Future of Detroit-MSU student internship program. It is expected that student participation in these Empowerment Zone projects will complement participation in programs beyond the Empowerment Zone boundaries. The Empowerment Zone projects will likewise complement student participation in internships at the Lansing sites which include the Educational Child Care Center and Camp Highfields. This array of projects will allow for participation by a larger student population across a broader area of the inner city in Detroit; it will allow for a greater continuity and coordination of academic pursuits in providing students with opportunities in consecutive summers to engage in internships either in Lansing or in Detroit. Each student, whatever the year of entry into the Detroit Spartans program, will be expected to comply with the following career development progression: on-campus and off-campus internship training designed for development of a basic set of job search and on-the-job skills targeted by employers; a Tier I community service-level internship; and iii), if pertinent to a student's career interest, a corporate-level internship.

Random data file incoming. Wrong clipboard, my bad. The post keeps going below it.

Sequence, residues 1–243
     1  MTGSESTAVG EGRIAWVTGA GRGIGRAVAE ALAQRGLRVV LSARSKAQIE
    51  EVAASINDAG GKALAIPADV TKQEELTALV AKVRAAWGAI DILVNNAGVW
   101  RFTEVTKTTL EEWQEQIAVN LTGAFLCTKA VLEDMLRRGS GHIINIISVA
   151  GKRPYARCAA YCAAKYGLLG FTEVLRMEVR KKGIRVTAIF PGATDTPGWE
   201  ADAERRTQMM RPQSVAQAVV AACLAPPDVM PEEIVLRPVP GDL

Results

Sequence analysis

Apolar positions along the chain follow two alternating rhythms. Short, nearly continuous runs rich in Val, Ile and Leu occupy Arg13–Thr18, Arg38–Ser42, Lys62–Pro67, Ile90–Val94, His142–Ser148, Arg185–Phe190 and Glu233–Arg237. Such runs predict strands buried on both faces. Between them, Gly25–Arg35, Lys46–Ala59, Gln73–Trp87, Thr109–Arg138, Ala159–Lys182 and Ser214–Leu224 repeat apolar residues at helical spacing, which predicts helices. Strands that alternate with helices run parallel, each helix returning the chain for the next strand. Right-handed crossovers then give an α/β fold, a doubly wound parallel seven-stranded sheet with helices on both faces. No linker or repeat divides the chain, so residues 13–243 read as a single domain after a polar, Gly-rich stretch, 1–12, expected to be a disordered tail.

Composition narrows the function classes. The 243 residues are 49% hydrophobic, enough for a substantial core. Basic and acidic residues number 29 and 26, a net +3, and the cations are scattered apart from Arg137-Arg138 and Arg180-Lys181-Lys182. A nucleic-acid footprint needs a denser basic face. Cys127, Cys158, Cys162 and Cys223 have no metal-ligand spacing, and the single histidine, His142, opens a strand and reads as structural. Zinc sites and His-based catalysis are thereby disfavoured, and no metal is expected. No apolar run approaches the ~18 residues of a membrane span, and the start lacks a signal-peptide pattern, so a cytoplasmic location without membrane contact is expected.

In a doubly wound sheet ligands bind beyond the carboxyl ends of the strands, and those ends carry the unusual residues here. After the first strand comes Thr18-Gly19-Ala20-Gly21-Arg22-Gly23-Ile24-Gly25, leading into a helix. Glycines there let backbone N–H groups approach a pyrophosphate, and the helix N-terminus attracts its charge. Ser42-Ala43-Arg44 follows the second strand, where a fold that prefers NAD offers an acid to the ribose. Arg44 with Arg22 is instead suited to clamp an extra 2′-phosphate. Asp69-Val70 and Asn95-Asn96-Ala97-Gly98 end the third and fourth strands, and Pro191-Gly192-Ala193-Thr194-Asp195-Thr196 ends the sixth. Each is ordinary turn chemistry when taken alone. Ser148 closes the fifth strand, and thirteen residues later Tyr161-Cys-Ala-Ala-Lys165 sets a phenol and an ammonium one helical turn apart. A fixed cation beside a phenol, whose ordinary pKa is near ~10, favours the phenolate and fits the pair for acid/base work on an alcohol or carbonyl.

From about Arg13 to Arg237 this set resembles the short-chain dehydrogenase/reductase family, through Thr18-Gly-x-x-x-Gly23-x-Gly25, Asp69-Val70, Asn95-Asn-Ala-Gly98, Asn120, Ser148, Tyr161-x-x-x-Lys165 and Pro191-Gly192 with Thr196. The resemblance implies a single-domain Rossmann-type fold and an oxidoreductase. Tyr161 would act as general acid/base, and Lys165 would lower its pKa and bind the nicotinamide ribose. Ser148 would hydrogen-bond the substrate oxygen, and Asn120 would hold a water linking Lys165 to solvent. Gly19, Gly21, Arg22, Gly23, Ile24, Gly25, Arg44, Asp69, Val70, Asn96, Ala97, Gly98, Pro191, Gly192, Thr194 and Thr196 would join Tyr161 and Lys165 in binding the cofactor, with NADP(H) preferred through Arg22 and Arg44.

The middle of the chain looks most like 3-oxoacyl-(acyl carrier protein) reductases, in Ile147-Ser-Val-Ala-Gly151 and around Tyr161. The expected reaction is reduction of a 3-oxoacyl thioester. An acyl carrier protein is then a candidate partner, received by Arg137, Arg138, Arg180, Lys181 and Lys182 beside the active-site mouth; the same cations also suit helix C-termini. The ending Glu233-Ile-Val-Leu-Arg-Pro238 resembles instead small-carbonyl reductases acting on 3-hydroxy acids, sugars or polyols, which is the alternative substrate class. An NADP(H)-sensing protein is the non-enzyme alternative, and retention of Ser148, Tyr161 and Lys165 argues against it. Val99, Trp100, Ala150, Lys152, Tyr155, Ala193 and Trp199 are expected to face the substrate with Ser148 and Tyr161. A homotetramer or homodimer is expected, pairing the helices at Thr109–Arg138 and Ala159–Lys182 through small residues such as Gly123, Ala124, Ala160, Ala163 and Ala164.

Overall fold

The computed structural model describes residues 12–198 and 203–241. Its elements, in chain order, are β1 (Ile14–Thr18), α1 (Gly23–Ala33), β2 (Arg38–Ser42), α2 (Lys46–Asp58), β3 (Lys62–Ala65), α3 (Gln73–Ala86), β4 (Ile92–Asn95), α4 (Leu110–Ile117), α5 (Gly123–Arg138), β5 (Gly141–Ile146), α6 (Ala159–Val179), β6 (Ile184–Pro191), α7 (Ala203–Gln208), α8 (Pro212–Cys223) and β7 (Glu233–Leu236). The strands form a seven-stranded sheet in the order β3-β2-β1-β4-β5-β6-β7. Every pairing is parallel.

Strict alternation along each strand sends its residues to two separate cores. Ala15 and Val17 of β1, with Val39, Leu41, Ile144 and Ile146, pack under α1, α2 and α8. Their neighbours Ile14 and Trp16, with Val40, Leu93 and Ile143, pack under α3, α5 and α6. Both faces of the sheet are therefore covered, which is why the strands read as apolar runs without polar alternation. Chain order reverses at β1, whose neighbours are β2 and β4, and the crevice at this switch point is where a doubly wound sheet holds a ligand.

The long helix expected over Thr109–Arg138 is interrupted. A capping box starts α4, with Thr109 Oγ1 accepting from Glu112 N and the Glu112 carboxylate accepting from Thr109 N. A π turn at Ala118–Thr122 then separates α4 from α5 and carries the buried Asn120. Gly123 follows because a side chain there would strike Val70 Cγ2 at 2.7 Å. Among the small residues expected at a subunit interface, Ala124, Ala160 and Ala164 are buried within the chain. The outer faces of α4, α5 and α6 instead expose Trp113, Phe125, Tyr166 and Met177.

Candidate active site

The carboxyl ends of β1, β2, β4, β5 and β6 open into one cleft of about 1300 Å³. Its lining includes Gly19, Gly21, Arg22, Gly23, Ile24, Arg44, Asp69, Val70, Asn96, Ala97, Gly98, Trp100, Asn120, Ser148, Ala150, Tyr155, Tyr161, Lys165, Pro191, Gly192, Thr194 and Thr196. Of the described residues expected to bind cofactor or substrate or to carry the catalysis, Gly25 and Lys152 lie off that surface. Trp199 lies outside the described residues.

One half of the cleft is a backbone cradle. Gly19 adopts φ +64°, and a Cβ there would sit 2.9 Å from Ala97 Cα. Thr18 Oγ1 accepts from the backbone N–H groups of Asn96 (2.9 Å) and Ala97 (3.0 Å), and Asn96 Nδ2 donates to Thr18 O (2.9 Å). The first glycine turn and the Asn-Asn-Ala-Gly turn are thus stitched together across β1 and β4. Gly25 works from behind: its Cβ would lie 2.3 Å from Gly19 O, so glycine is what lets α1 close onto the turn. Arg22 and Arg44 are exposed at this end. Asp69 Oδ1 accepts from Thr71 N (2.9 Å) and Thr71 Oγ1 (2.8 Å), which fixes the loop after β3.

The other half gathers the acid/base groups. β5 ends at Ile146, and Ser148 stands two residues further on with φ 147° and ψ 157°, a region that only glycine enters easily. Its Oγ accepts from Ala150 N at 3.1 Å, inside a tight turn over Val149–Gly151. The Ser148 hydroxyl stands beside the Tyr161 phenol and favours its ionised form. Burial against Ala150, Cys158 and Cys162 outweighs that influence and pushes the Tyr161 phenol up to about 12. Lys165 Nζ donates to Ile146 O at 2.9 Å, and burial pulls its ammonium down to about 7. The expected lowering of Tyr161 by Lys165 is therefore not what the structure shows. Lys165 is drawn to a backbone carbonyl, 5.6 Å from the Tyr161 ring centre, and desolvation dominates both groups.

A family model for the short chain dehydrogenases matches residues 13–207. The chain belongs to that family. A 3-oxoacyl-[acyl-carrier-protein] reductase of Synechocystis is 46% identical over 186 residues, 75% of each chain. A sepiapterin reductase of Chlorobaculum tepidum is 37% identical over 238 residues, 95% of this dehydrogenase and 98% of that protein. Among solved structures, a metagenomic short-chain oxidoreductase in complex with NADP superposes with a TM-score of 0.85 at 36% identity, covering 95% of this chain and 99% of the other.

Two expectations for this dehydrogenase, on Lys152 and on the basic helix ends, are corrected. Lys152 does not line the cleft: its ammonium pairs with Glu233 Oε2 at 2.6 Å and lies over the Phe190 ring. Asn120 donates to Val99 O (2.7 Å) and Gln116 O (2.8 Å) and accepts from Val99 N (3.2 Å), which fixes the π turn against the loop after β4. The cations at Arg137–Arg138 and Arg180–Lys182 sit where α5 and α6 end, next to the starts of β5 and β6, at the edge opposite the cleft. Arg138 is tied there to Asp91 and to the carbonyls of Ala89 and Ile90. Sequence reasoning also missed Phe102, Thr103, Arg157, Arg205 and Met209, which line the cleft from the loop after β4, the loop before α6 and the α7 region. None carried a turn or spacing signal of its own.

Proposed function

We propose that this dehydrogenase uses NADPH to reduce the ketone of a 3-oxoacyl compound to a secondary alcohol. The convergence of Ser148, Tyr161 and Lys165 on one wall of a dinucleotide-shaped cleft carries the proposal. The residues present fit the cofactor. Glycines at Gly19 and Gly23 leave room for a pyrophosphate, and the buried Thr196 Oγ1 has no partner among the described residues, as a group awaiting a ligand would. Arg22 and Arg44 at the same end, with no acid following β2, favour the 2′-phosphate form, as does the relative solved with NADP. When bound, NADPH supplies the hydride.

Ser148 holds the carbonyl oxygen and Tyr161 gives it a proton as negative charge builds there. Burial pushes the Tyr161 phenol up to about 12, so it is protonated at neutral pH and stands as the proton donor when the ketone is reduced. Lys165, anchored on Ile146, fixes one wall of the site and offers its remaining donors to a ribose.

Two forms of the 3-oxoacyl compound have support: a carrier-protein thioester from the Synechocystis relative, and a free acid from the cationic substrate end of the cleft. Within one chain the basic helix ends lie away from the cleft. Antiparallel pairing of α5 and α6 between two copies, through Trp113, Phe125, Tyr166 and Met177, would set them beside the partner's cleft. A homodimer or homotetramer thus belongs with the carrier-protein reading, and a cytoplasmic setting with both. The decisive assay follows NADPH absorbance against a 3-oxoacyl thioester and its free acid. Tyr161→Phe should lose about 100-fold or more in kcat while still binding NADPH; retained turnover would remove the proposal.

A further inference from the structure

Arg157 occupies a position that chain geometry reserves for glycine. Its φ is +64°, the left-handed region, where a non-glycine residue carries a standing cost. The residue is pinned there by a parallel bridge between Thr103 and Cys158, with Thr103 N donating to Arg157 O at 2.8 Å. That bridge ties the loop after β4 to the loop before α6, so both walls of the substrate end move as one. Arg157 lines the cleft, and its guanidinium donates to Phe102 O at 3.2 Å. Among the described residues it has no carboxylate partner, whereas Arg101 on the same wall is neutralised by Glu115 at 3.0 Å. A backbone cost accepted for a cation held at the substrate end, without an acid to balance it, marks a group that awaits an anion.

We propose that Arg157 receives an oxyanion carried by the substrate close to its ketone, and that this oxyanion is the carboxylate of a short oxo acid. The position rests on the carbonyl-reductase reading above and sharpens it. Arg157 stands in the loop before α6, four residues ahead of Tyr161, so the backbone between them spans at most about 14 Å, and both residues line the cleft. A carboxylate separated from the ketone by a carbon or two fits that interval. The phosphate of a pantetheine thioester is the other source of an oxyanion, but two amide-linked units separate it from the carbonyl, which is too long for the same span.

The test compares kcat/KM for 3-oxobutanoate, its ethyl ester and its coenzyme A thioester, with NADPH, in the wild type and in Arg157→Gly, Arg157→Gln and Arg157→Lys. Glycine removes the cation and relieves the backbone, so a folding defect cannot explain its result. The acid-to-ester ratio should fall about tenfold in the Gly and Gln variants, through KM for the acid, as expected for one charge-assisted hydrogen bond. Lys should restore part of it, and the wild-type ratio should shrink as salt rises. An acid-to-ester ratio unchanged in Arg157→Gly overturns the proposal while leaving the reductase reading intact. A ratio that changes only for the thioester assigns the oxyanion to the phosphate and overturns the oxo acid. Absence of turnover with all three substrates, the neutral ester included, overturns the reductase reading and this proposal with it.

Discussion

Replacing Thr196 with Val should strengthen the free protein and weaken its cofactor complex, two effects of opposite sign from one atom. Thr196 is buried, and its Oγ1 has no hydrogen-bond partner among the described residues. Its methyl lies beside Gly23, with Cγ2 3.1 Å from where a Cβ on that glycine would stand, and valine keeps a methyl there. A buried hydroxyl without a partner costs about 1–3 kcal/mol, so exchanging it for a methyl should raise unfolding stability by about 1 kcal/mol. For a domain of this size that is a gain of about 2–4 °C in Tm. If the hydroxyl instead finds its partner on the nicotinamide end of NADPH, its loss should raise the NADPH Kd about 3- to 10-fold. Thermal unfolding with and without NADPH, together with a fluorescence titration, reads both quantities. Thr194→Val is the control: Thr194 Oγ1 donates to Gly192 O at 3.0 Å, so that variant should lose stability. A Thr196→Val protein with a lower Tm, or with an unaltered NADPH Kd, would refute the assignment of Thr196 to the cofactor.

As stated, an increasingly successful internship program is developing in Detroit and in Lansing. A value-added feature, for both potential future employee and employer, is stagewise career development program, namely, the preparation of students for the work place in two areas of expertise: an academic expertise that prepares a student for a particular career; and a professional development expertise that is applicable to every work situation and, is often addressed by employers, while often neglected in undergraduate career development. The program was initiated with CME's Science in the City and continued in the MSU LINK program. At present, a search for funding is ongoing to further develop and maintain this Detroit-MSU undergraduate internship program.
2. Programs with Minority Universities. We have continued our longstanding linkages with the Puerto Rican universities by conducting another Molecular Ecology workshop during spring break on their campuses and by recruiting one new Puerto Rican Ph.D. student to CME, bringing the current total to three Puerto Rican Ph.D. candidates in CME. We also have sustained our transition program with the Univ. of Maryland Eastern Shore (UMES), an 1890 HBCU. One UMES graduate student and three undergraduate students are enrolled at MSU for fall semester, 1999, to take advanced courses not available on their home campus. Three students from Alabama A&M are now graduate students in CME laboratories.